Mischa Barton says she felt “obligated” to lose her virginity playing Marissa Cooper in “The OC”


Mischa Barton talks about the trauma she suffered from being “sexualized” in the past as a young actress in Hollywood.

The “Hills” alum, 35, wrote a lengthy essay published Friday in Harper’s Bazaar in the UK in which she discussed the importance of the Me Too movement and the scrutiny it faced in playing “mature” characters on screen.

She begins the essay by pointing out that while she is “grateful” for the acting opportunities that have come their way, it was the quarantine over the past year amid the coronavirus pandemic that allowed her to reflect and finally talk about the problems she had once avoided.

“The truth is that sexuality has always been a part of my career. Even from an early age I was sexualized. Don’t get me wrong, I loved being an actress and my job on stage. I felt very tall. , proud of my job and really committed to it, but I was still just a kid, ”Barton wrote.

‘THE OC’ STAR MISCHA BARTON SAYS ‘BULLYING’ CAUSED HER TO LEAVE THE SERIES: ‘I JUST FEELING VERY UNPROTECTED’

She noted that her early roles in “Lawn Dogs” and “Pups” exposed her to “very mature” characters.

Cast of 'The OC' from left: Mischa Barton, Adam Brody, Melinda Clarke, Peter Gallagher, Kelly Rowan, Benjamin McKenzie, Samaire Armstrong and Rachel Bilson (center).

Cast of ‘The OC’ from left: Mischa Barton, Adam Brody, Melinda Clarke, Peter Gallagher, Kelly Rowan, Benjamin McKenzie, Samaire Armstrong and Rachel Bilson (center).
(Photo by Ray Mickshaw / WireImage / Getty Images)

“The lead roles in coming-of-age movies are always directly related to sex and sexuality, and that was a great example,” she said of her role in ‘Pups’ , which also starred Burt Reynolds.

Barton recalled that her character first had her period although she has yet to experience it herself in her own life. She then addressed the pressures she felt to become sexually active taking on the memorable role of Marissa Cooper in “The OC”.

“When I took on the role of Marissa Cooper, I was 18 and had just graduated from high school. While everyone at my age was enjoying the carefree and serene joy of being a teenager, I was working long hours on set, constantly under pressure, meeting the needs, demands and goals set by people my age or older, she explained.

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Barton said she struggled with the reality of being a virgin in real life while playing Cooper, whom she described as a “confident character who was quick and cowardly.”

“Even being a virgin back then in this context made me feel like an impostor,” Barton admitted.

“The kids on the show were wealthy, privileged American teens who drank, took drugs and, of course, had sex. I knew it was important to have this thing – my virginity – towering over me, the elephant in the room if you will, away, ”continues his essay.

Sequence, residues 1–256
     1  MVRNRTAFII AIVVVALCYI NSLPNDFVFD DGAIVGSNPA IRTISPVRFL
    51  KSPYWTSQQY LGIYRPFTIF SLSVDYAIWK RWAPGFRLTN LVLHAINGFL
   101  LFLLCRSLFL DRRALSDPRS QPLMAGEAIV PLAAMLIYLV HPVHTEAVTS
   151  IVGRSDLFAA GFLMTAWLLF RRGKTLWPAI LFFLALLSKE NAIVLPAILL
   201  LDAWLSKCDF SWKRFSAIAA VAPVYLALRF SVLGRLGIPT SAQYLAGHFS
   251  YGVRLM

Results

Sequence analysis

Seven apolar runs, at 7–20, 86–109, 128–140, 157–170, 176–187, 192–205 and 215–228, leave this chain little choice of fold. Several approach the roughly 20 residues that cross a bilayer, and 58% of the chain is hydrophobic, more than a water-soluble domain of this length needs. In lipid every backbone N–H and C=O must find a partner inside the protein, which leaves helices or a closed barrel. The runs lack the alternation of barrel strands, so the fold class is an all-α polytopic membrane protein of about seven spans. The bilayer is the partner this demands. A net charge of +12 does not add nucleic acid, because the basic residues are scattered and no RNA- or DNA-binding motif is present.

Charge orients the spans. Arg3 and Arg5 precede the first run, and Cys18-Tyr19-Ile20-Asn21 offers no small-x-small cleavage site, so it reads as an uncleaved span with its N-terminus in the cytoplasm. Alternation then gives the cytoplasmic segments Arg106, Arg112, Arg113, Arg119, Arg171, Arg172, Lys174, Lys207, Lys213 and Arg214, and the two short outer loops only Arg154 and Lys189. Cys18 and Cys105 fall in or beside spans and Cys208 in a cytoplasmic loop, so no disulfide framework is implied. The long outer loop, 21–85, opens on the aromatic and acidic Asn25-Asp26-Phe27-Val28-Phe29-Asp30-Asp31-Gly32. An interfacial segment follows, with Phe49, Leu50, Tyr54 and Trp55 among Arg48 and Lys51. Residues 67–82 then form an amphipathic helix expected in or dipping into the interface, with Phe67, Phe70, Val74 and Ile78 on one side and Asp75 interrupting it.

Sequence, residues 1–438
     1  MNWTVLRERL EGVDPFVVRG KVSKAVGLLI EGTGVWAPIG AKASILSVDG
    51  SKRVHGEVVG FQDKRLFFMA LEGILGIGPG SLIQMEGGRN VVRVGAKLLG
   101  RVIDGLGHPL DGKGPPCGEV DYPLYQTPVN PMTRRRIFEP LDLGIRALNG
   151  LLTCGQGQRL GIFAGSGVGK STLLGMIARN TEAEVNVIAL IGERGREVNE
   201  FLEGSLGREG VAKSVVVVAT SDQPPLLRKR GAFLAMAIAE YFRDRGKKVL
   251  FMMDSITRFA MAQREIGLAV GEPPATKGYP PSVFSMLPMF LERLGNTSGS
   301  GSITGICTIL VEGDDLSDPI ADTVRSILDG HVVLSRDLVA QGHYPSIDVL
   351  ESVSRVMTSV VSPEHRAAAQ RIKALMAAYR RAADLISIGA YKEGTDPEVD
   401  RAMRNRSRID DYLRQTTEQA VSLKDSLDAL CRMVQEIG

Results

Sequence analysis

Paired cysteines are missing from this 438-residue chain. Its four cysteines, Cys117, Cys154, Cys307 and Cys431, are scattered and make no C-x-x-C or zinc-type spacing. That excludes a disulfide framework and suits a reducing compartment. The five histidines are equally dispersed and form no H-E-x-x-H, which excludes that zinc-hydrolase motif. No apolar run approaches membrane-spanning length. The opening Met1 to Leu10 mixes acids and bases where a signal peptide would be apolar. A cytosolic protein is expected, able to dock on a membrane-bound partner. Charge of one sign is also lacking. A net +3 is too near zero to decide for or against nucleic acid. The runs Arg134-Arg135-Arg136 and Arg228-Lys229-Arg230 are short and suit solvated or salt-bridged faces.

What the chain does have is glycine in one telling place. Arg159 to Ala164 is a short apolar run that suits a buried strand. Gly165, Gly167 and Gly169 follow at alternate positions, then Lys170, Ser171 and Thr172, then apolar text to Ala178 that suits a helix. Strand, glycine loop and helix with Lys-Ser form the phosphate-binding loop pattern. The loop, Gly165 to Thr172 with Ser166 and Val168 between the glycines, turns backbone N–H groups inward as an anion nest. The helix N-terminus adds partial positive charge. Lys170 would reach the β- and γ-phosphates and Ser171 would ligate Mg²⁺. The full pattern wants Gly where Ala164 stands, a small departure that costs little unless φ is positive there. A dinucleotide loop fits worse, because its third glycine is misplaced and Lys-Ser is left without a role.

Barton says she felt “obligated” to have sex.

“Well, after being chased by older men in my thirties, I finally did the deed. I feel a little bit guilty because I let it go. I felt so much pressure to have sex. sex, not just of him, but of society in general. This was at the start of those critical days and when I finally met someone new and wanted to get out of the situation, this created a toxic and manipulative environment, ”she continued.

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Barton remembers being “chased” by paparazzi and the press focusing on her whereabouts when she first started going out in public. She became a recluse and saw her sanity start to decline, she wrote.

Mischa Barton took a Hollywood hiatus after leaving 'The OC'

Mischa Barton took a Hollywood hiatus after leaving ‘The OC’
(Photo by Michael Tran / FilmMagic / Getty Images)

“What happened gave me PTSD. In the years that followed, the cameras bothered me; any noise that sounded like a shutter gave me a panic attack and made me extremely paranoid,” he said. she declared.

Barton, who also remembers suing an ex-partner for selling a recorded sex tape of her without her consent, stressed the importance of the Me Too movement.

“I can’t tell you how much I wish this had happened sooner, but at least the conversation about women’s rights is underway,” she said. “Today, the focus is more on encouraging girls to protect their own bodies and show it their way from the start.

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Barton concluded that she had learned to control her own sexuality.

“I can’t stay silent anymore, because these things always happen – the exploitation of young girls, of people of color, of all women, sexualized while being separated and humiliated for being alive in their own bodies. my story can help even a young girl defend herself and don’t let the world bring them down then it will all be worth it, ”she wrote.

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